The adult hair follicle cycles through regression, resting, and growth phases and is maintained by hair follicle stem cells (HFSCs). During hair growth, progenitors and stem cells of the hair follicle activate and sustain the downward growth of hair follicles; however, our understanding of progenitor activation and stem cell maintenance during the hair cycle remains incomplete.
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Summaries of the most recent articles published in STEM CELLS and STEM CELLS Translational Medicine.
Histone deacetylase 7 (HDAC7) plays a pivotal role in the maintenance of endothelial integrity, and while we know that short open reading frames (sORFs) exist within the 5′ terminal non‐coding area of Hdac7 mRNA, it remains unclear whether these sORFs contribute to HADC7 function.
Perivascular adventitial cells include multipotent progenitor cells that give rise to mesenchymal stem/progenitor cells in culture.
A recent STEM CELLS Translational Medicine article reporting on a prospective non-r
Renal fibrosis treatment strategies have previously employed the intravascular administration of stem cells.
While we understand the critical nature of intestinal stem cells (ISC)-stem cell niche interactions in maintaining tissue integrity, we still lack clarity regarding the transmission of ISC niche factors.
Cell‐based therapies have the potential to improve outcomes of orally-associated regenerative treatments; as an example, mesenchymal stem cells currently represent ideal candidates for adjuvant application for extraction sockets and challenging lateral/vertical bone defects requiring bone block grafts.
Histone deacetylase 7 (HDAC7) plays a pivotal role in the maintenance of endothelial integrity, and while we know that short open reading frames (sORFs) exist within the 5′ terminal non‐coding area of Hdac7 mRNA, it remains unclear whether these sORFs contribute to HADC7 function. In a recent STEM CELLS study, researcher from the laboratories of Qian Wang (Southern Medical University, Guangzhou, China) and Lingfang Zeng (King's College London, UK) now report that a 7‐amino acid peptide translated from an HDAC7 sORF act as a phosphate group carrier, thereby forming a novel signal transduction pathway known as the MEKK1‐7A‐14‐3‐3γ pathway downstream of VEGF. Yang et al. believe that this novel signal pathway may be involved in vessel wall resident stem/progenitor cell activation and vascular remodeling.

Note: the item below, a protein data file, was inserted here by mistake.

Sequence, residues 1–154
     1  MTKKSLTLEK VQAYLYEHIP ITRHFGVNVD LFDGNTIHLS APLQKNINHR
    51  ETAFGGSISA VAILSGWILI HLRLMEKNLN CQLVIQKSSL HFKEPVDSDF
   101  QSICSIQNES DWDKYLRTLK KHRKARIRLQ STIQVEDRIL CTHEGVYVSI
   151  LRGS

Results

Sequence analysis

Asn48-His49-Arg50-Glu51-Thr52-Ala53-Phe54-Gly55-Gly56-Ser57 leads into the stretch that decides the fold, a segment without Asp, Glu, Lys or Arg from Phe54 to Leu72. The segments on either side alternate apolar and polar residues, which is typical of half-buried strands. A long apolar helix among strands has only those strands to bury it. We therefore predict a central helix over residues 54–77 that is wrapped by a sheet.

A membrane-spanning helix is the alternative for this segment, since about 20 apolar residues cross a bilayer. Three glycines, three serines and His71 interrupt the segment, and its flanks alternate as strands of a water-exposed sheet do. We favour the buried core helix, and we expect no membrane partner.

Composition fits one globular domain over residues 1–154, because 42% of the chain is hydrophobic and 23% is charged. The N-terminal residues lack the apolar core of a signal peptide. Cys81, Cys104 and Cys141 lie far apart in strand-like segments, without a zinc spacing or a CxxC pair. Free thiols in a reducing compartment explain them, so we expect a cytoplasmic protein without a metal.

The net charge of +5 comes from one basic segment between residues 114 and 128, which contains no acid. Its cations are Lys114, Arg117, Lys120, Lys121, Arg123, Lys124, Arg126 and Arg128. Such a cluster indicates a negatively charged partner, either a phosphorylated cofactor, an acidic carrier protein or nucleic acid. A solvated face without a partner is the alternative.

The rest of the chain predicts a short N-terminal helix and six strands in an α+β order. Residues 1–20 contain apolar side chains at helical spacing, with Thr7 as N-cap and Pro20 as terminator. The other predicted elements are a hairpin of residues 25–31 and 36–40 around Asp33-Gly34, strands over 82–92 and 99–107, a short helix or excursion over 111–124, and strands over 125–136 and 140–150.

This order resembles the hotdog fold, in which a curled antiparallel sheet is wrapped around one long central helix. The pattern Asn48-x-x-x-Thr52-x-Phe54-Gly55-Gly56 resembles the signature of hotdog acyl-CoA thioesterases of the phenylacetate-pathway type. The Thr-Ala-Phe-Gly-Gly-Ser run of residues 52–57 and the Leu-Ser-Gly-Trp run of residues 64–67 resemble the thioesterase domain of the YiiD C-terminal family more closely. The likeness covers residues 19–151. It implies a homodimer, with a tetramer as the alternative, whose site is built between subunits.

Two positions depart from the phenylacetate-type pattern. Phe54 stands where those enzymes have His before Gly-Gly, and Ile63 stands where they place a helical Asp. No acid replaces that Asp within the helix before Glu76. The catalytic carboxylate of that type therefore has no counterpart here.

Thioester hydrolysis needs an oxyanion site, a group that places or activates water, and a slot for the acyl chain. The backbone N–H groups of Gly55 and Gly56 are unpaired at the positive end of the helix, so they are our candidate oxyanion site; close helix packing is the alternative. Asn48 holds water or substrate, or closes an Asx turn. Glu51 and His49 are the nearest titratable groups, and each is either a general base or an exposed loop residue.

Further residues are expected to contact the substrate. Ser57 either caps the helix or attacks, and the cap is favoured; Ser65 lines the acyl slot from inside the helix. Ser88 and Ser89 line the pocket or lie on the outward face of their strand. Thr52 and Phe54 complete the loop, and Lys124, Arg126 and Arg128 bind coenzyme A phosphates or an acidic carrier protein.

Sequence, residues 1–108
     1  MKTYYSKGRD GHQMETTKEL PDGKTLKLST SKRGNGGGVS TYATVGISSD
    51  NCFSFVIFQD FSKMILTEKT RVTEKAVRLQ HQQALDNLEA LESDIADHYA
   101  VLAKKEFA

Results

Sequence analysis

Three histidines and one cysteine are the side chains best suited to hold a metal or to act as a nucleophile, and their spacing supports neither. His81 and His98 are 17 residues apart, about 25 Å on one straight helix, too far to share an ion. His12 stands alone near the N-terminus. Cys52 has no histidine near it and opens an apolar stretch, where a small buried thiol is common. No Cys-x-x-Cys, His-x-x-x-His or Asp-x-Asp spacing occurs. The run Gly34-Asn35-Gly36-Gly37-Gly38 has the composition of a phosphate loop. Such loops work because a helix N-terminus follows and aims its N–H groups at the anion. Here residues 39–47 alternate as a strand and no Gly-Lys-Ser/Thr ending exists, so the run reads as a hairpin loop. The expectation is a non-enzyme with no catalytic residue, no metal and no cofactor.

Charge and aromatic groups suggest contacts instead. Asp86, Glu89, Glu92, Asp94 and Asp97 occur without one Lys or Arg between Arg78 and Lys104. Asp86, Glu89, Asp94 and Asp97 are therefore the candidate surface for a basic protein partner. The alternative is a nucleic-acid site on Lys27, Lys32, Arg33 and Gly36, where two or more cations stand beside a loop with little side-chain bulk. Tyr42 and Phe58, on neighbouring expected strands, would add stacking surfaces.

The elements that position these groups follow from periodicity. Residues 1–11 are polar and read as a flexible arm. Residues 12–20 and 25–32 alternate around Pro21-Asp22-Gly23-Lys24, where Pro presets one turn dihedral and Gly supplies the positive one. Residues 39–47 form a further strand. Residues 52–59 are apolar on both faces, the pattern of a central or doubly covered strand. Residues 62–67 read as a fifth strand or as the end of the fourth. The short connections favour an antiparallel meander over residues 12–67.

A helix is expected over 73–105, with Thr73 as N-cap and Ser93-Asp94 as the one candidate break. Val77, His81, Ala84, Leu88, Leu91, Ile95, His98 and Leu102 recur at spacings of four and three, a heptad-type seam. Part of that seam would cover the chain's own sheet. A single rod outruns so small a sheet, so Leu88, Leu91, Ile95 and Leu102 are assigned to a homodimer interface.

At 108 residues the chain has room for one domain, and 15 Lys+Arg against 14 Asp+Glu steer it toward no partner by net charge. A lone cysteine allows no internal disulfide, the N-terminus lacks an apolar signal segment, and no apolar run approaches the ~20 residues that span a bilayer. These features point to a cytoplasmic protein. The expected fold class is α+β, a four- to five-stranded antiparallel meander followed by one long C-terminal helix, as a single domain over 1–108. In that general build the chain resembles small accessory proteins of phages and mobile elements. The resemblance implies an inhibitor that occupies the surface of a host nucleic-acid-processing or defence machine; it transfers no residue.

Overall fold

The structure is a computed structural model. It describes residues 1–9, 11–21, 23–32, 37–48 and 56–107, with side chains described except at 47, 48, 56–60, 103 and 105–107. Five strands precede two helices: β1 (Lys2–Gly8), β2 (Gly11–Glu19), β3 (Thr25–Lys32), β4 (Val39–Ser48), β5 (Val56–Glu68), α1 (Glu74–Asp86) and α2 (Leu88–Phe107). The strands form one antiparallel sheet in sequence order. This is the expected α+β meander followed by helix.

Perivascular adventitial cells include multipotent progenitor cells that give rise to mesenchymal stem/progenitor cells in culture. Now, a new STEM CELLS article from laboratories of Haixiang Sun (Nanjing University, Nanjing, China) and Bruno Péault (University of Edinburgh, UK) reports that a subset of human adventitial cells natively expresses the CD10 surface marker, which is regulated by Sonic hedgehog/GLI1 signaling. Furthermore, Ding et al. establish that purified CD10+ adventitial cells exhibit high proliferative, clonogenic, and osteogenic potentials, thereby suggesting a role in pathologic vascular remodeling.
A recent STEM CELLS Translational Medicine article reporting on a prospective non-randomized study in preterm infants established that autologous cord blood cell infusions can substantially reduce the duration of mechanical ventilation and oxygen supplementation required. Researchers from the laboratory of Jie Yang (Guangzhou Medical, Guangdong, China) understood that preterm birth complications represent a major cause of neonatal death and also that we currently lack therapies that can alleviate associated symptoms; however, Ren et al. believe that stem cell treatments may be helpful in the prevention of said preterm complications.
Renal fibrosis treatment strategies have previously employed the intravascular administration of stem cells. Now, a new study from the laboratory of Tatsuya Shimizu (Tokyo Women's Medical University, Shinjuku‐ku, Tokyo, Japan) has revealed that the transplantation of mesenchymal stromal cell (MSC) sheets onto the kidney provide for dramatic therapeutic effects. These included long‐term cell survival, amelioration of kidney dysfunction, vasoprotection, and a reduction in fibrosis when compared with intravenous administration of MSCs. Overall, Imafuku et al. suggest that cell sheet technology could improve stem cell therapy in various aspects and may represent a novel therapeutic approach for various kidney diseases in the future. For more, head over to STEM CELLS Translational Medicine now!